Auctions are curious things. Moreover, the mere perception of being in an auction is more than enough to inject fear into a discussion.
I’m writing this because of two things. First, I connected recently with another VC, who commented that his firm was about to invest in its first [insert here name of famous incubator] company. But, he said they normally don’t invest in companies out of incubators because they’re concerned about over-paying and the “winner’s curse.” If I heard him right, the supposition is that those companies are shopped around heavily. In other words, they feared the pricing impact of an auction.
Second, the Red Sox were not able to re-sign Jon Lester, who was one of their star pitchers. They last year supposedly offered to him $70 million, perceived as a low-ball number (no pun intended), with the hopes of ending up around $115 million. They probably feared being in an auction, but also calculated that Lester himself didn’t want the uncertainty of where he would live next and thereby would take a “hometown discount” (like other baseball players often do).
Since Lester was still under contract and could not negotiate with other teams, the Red Sox presumably had leverage. But, here’s the rub. Lester’s agents declined to counter-offer, as the offer was so low. They suspended the talks. They instead guided Lester to hit free agency, or the auction, once his existing contract expired.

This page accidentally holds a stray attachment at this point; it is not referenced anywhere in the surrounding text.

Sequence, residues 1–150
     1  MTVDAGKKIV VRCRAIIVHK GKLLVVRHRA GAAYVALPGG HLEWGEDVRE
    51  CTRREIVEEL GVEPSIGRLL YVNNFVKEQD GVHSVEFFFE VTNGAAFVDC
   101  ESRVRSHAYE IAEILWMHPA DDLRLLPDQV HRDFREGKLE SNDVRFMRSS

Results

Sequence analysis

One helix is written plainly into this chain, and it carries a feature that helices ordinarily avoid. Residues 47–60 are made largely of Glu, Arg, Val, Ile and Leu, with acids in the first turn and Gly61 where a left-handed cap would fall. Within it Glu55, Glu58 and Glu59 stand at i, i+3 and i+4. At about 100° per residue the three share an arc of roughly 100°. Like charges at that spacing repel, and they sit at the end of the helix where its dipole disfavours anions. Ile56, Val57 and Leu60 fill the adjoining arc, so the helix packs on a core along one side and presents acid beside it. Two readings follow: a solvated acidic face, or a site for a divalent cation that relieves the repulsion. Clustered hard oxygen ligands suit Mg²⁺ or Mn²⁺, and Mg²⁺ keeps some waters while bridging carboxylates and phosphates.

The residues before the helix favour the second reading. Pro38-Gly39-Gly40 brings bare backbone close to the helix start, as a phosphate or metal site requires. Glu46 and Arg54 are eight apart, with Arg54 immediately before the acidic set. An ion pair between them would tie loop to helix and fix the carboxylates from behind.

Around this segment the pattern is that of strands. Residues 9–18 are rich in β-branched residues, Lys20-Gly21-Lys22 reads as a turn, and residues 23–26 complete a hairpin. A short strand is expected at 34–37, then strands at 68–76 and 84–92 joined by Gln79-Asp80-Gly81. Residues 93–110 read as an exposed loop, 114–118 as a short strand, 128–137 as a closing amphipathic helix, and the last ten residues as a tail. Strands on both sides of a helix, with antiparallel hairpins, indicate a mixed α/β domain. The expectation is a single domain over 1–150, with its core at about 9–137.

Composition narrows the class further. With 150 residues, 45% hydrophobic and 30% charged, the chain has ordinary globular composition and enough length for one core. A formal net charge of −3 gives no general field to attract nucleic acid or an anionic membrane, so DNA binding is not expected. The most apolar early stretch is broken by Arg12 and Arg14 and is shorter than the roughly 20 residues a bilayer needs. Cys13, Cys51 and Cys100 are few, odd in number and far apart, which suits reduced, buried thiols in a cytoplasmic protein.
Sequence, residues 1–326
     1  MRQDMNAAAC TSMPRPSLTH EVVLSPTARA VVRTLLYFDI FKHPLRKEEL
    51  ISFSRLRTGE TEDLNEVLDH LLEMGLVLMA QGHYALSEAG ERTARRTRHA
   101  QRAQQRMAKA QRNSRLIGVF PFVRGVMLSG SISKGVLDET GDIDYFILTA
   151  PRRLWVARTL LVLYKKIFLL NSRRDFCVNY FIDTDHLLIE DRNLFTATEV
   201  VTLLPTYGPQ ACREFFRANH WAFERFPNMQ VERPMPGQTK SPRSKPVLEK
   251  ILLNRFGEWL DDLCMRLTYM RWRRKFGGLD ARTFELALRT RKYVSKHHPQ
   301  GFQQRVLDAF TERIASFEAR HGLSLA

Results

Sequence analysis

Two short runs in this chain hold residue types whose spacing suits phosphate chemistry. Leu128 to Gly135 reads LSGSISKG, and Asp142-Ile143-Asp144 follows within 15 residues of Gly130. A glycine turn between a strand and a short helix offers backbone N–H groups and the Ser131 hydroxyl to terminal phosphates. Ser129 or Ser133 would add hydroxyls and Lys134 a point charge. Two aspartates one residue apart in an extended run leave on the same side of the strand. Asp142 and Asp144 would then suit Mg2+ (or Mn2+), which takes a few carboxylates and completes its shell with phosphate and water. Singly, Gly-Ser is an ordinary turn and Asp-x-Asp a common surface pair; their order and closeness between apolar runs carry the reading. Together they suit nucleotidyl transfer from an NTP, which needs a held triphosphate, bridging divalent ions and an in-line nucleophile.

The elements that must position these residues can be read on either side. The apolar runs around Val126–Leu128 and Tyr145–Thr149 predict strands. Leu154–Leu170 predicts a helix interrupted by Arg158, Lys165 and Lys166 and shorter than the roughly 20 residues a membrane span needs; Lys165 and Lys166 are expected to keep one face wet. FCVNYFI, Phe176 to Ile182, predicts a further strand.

Today, Lester has signed with the Chicago Cubs for $155 million. The Red Sox’s had upped their offer to $135 million but lost out. So, their strategy of pre-empting the auction didn’t work.
As a VC, you’re always mindful of The Auction. You always want to be the first person on whom the entrepreneur calls for a financing. You never want to be one of dozens of VCs, or worse, be at the bottom of the list, whereby the entrepreneur has called on all other VCs, who passed, and now comes to you. This is what VCs call a “busted auction.”
That’s the perception.
But, I wonder what the reality is? IMO, I think every financing is effectively auctioned these days. With social media, blogs and more accessible VCs, the entrepreneur can reach out to anyone pretty quickly.
But, with human nature the way it is, if you’ve been fundraising for months or years, the VC is likely to know. Just be up front and have good and honest answers about why. Reasonable and good reasons I’ve heard include the following: the company has done a pivot, there’s more “traction” now, you called on VCs who aren’t really experts in your space, you’re new to fundraising and it took time to get good at it, etc.
I think the worse thing to do is to ignore the elephant in the room. Auctions are real, as are perceptions of them, and the entrepreneur should consider how he/she manages the VC’s views of them.
I think two of the most powerful human emotions are fear and greed. VCs want to make money, but they fear that they’re the “sucker in the crowd” if everyone else has seen a financing and passed. Many entrepreneurs focus on the VC’s greed, but IMO, not enough focus on the VC’s fear.